Rios and Dunn and the new order

Over at Southside Showdown, I wrote about how Robin Ventura might have just as strong of a need to stick by Alex Rios and Adam Dunn, despite how abominably awful that sounds.  Click the title to follow the link, and tell me if it doesn't work, because it might tick me off enough to quit posting over there altogether.

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  • James, because I can't reasonably conceive of a scenario where Rios and Dunn are trade-able properties after the first few months of the 2012 season, what if Konerko is having another good year and the Sox are ten games out close to the deadline? If Konerko gave his consent, would you move him for a decent organizational prospect?

    [if you answer in the affirmative, beware of flying refuse]

  • In reply to Chris Lamberti:

    "Organizational" and "prospect" are kind of conflicting terms, since "organizational guy" refers to someone just around to fill out a minor league roster, and "prospect" might actually be something.

    10 games out, I have a year and a half left of Paulie. I've already let the greatest pitcher in franchise history walk off into the sleazy neon sunset, Dunn stinks, Rios stinks, the team stinks, the other vestige of '05 (AJ) is walking at the end of the year. I think Dan Fabian is already starting my car for me before I leave work every night. Even though I bucked my traditional MO by going hog-wild in the draft, I'm still going to need an effin' miracle to rebuild in less than 5 years. I'm cashing all chips. I wait for the calls to come, I play up that he's our rock, our captain, we can't bear to part with him, then I wait for the prospect name that makes Rick Hahn's eyes bulge out to get mentioned, and I make the deal--and I demand a bullpen arm or two just so I don't look all the way stupid.

    Paulie gets called into the office, we hug, and I make sure Ventura pulls him for a defensive sub in the middle of his last game so he can get his ovation. I pretend to get a little choked up in the press conference, then I go home, crawl inside a bottle of Tanqueray and take the rest of the week off.

  • In reply to James Fegan:

    Awesome.

    I used the term "organizational prospect" to refer to the guys on BP or BA top 11 or 10 prospects in each organization who are not necessarily on the Top 101 or 100 prospect lists. I thought that this was standard among those in the know. But you'll notice that "I thought" crept its way into this reasoning, and that's where I may have gone wrong. What I think (oh boy, here we go again!) now is that I made it up in my mind and/or I've been using "organization prospect" when I talk with my imaginary baseball friends, who've been reticent and not corrected me because, you know, dissident imaginary friends are easily "taken care of" in imaginary ways.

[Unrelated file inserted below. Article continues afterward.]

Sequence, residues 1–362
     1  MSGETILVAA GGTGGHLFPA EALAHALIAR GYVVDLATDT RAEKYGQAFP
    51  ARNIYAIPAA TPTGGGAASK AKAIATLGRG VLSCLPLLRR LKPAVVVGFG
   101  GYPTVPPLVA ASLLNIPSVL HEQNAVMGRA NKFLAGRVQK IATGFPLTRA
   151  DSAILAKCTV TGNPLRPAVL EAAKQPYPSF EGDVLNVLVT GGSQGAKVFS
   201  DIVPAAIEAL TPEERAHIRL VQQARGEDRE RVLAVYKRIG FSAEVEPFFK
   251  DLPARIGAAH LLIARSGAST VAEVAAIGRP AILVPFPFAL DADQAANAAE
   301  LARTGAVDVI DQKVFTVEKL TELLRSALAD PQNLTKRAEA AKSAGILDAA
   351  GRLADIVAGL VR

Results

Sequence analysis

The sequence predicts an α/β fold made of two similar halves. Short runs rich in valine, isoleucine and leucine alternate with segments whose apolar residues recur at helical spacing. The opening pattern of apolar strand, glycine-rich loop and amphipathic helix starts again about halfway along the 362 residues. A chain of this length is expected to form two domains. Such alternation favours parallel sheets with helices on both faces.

• In reply to Chris Lamberti:

    I can see that, but that also would be a vague description. Nestor Molina fits the profile of someone like that, but then again, a GM who traded an above-average first-basemen for the White Sox #10 prospect probably needs to be lobotomized.

  • In reply to James Fegan:

    When I wrote "decent organizational prospect" I guess I meant 3 star or lower tier 4 star -type prospects by Goldstein's standards, rather than a particular number within an organization (which, as you point out, is very much relative). I can't imagine the Sox could get much more from a team at the deadline willing to take on almost $20mil for the remainder of Konerko's age 36 and entire age 37 seasons.

  • In reply to Chris Lamberti:

    At any rate, you're right. I'm going to shelve the term "organizational prospect," after I file it under "useless."

  • In reply to Chris Lamberti:

    Yeah that sounds about right, unless....

    Step 1: Enter Kevin Towers' office while holding Trevor Bauer at knifepoint

    Step 2: Begin negotiations

  • In reply to James Fegan:

    Step 3: While Towers is preoccupied negotiating for Bauer at knifepoint, make off with Tyler Skaggs out the back.

  • In reply to Chris Lamberti:

    Step 4: Make sure it is Tyler Skaggs, and not Boz Scaggs.

    Step 5: It is Boz Scaggs

    Step 6: Dammit.

  • Step 7: Phone Brooks Boyer about emergency Dog Days of Boz Scaggs promo

    Step 8: Curse as you listen to Boyers' chipper voicemail greeting

    Step 9: Go to plan B (page 27)

    […thumbs through Acme Baseball Operations Guide…]

    P27
    Plan B

    Step 1: Dress up Boz Scaggs as Bryce Harper, sedate and tie to chair

    Step 2: Call for press conference

    Step 3: Cross fingers

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